Larry Nassar, the disgraced former Michigan State University and USA Gymnastics team doctor, has been accused of sexual abuse by 140 women. That’s nearly as many victims as the Jerry Sandusky, Bill Cosby and Harvey Weinstein scandals combined.
Days before his sentencing on Jan. 16, many of Nassar’s victims are wondering the same question: Why does no one seem to care about their story?
“I remember when the Penn State scandal was talked about at length for months and months and even years. This is nearly five times the size and no one knows about it,” sexual abuse survivor Morgan McCaul told HuffPost.
A dancer and first-year college student, McCaul is one of the dozens of plaintiffsanonymously named in lawsuits against Nassar, MSU and USA Gymnastics. The 18-year-old said that Nassar began sexually abusing her when she was just 12 years old in 2012. The abuse continued for three years.
McCaul described how she’s repeatedly had to explain to professors why she needs to miss class or an exam because of an upcoming court date. Often times, she said, they have no idea about the Nassar case.
“It’s been hard to reckon with, especially because these are people that I expect to be educated,” said McCaul, who attends the University of Michigan in Ann Arbor, which is only an hour away from MSU. “Even people that are teaching at universities don’t know that this went on.”
‘I Haven’t Sensed The Outrage’
HuffPost spoke with six survivors who are suing Nassar, MSU and/or USA Gymnastics: McCaul, Alexis Alvarado, Jessica Smith, Christine Harrison, Larissa Boyce (who have all come out publicly since the lawsuits were filed) and “Jane Doe” (who wants to remain anonymous). All six women ― three gymnasts, two dancers and a soccer player ― shared a similar sentiment, that the country doesn’t seem to care what happened to them.
“I haven’t sensed the outrage,” said Boyce, who alleges that Nassar began abusing her when she was 16 and continued from 1997 to 2001.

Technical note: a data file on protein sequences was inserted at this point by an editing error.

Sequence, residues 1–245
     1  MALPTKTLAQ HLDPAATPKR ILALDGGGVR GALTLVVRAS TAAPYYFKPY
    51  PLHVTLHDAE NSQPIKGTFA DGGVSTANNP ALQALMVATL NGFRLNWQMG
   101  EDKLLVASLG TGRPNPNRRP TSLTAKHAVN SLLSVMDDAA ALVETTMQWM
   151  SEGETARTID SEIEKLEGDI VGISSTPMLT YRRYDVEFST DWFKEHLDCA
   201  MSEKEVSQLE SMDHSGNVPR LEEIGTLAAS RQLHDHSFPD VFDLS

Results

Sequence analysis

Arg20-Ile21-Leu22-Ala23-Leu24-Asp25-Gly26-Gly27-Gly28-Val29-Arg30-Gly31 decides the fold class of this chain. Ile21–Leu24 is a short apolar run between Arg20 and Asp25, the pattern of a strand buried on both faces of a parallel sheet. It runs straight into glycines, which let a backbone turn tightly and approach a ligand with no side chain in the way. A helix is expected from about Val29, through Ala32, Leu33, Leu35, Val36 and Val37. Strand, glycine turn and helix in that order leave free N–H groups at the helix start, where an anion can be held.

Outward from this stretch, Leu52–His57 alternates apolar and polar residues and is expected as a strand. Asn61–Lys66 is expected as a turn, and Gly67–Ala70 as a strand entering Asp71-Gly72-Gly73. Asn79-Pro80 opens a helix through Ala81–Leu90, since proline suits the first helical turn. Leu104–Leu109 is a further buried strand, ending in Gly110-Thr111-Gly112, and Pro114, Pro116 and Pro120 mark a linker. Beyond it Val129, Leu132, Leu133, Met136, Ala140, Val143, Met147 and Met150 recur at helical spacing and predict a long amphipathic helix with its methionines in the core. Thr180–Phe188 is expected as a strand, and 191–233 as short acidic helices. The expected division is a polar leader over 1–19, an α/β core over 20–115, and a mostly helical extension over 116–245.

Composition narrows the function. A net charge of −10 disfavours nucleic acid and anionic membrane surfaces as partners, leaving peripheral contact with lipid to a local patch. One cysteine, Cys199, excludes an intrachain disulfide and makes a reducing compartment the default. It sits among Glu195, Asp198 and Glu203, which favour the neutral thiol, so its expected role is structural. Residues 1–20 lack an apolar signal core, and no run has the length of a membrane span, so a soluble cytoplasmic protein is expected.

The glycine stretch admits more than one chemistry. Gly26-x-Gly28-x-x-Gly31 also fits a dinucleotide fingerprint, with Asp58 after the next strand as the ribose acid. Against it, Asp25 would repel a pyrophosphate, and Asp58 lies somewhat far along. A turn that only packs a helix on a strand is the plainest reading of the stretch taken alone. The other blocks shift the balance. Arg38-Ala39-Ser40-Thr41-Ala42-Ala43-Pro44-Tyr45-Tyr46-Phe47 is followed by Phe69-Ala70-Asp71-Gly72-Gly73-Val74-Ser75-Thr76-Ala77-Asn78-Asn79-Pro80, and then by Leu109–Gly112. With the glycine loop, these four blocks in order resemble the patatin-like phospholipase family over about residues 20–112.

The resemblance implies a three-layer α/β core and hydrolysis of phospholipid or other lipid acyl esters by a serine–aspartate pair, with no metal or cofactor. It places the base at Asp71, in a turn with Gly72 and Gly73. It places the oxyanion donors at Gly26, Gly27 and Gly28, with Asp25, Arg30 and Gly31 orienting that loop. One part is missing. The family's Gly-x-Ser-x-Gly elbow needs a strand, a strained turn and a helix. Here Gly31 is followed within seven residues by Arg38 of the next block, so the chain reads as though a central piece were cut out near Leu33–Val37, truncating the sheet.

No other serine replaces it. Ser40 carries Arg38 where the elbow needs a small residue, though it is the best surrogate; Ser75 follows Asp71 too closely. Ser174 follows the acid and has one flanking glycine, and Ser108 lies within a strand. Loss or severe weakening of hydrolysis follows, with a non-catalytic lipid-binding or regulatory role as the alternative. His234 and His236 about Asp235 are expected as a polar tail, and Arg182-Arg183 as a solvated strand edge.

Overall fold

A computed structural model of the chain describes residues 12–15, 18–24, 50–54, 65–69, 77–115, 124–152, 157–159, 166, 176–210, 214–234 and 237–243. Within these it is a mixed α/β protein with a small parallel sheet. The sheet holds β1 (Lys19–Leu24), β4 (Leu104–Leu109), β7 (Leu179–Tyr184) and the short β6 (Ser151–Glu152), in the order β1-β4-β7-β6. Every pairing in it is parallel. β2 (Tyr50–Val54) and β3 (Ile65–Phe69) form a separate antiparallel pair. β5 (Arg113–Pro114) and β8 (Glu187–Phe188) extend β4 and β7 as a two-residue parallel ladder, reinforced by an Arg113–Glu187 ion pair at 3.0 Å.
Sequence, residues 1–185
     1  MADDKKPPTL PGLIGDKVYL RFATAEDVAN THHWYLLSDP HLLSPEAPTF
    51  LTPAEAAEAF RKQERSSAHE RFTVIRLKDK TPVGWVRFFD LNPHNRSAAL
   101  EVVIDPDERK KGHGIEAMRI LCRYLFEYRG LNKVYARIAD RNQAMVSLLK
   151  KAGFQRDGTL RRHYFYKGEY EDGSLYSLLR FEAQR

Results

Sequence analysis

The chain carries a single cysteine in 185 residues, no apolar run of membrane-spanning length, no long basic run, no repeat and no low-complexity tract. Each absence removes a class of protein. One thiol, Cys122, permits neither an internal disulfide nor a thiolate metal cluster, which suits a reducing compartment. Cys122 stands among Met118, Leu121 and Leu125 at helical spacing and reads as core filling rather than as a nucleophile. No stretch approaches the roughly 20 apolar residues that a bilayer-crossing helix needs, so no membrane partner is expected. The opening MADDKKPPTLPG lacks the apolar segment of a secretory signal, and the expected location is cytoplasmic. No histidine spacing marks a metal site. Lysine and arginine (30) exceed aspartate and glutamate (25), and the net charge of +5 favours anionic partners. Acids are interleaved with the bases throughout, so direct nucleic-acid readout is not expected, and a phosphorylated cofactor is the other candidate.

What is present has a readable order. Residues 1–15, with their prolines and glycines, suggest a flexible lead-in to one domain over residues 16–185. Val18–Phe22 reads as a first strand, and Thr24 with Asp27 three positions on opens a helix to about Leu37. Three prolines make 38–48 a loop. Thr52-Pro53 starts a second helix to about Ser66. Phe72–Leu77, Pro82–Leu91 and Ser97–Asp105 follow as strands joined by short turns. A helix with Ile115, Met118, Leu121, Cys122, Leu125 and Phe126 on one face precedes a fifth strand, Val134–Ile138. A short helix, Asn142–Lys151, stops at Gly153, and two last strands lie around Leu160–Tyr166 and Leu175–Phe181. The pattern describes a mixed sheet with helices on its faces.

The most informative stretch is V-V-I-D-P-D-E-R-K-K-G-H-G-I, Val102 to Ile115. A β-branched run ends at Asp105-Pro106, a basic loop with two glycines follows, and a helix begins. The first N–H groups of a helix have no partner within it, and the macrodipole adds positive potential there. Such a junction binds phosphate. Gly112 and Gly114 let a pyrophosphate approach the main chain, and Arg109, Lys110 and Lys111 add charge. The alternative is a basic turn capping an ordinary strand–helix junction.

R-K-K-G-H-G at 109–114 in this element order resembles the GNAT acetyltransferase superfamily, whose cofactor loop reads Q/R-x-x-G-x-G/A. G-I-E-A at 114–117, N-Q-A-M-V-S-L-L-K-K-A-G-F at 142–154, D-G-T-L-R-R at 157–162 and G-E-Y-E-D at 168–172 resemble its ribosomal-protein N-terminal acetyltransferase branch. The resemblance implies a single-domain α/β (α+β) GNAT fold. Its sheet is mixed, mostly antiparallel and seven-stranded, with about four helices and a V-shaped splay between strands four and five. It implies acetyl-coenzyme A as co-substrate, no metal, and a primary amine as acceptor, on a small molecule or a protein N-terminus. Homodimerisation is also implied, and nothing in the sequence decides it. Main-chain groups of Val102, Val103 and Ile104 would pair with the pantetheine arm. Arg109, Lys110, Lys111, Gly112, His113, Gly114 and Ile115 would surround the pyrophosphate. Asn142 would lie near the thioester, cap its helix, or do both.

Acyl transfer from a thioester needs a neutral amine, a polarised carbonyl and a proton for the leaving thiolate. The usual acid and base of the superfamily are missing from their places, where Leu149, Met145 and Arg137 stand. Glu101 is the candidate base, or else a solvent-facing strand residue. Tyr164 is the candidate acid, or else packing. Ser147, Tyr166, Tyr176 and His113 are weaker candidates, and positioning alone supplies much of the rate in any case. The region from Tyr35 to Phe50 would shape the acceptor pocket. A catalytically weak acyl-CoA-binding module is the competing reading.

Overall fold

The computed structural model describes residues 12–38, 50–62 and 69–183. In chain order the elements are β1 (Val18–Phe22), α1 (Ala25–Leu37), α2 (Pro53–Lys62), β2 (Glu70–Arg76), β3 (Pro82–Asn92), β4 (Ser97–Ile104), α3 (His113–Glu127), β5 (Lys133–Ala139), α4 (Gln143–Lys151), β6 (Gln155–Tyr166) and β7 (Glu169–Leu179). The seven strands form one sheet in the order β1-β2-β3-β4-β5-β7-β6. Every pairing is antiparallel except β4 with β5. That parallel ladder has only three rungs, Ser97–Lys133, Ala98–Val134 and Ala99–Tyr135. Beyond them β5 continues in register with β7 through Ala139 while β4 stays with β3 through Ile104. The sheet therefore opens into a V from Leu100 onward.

Alvarado believes the country has essentially ignored the trauma inflicted on her and the other women because they’re not famous athletes. The 19-year-old said that Nassar sexually abused her for six years starting when she was 12.
“A lot of people seem to believe it’s only Olympians that this [abuse] happened to, which isn’t true,” she said.
Alvarado has a point. Although the Nassar scandal has rocked MSU and the surrounding community of East Lansing (thanks to stellar reporting from local news outlets), it seems the only times that Nassar’s name made national news were when Olympians ― including gymnasts Aly Raisman, Gabby Douglas and McKayla Maroney ― came forward with accusations.
Other survivors believe their stories haven’t made front-page headlines because they’re female athletes.
“I think it plays into the importance that we put on male athletics versus female athletics,” McCaul said. “This is a case of gymnasts and dancers and figure skaters, not football players or basketball players. I think it’s sexism, to be honest. There’s no other explanation for why this many women have come forward and it’s not big news.”
Smith, who said that Nassar abused her for a few months when she was 17, also sees a connection between the identities of Nassar’s victims and the lack of public attention.
“It’s hard to feel like, if I was an Olympic gymnast, maybe this would be different. If I was a football player at MSU or a basketball player at MSU, then maybe the public and MSU as an institution would care more,” she said.
Decades Of Abuse By A Trusted Doctor
Nassar, 54, sexually abused young athletes ― many of whom were top-tier gymnasts and dancers ― for decades under the guise of medical treatment. According to court documents, he gained the trust of girls and their families, which then gave him cover as he used his exams to fondle and digitally penetrate the girls in the vagina and anus.
He treated many of these athletes for years during his tenures as the team doctor for USA Gymnastics, the doctor for various MSU sports teams and the sports medicine doctor at the Michigan gymnastics training gym Twistars.
The first allegation against Nassar came out publicly in September 2016, a year before the explosive rise of the #MeToo movement. He had already been let go by USA Gymnastics in 2015 and was subsequently fired from his faculty position at MSU. In December 2016, he was arrested for possessing at least 37,000 images of child pornography, and in July 2017, he pleaded guilty to three federal counts relating to child pornography. He was sentenced to 60 years in prison this December.
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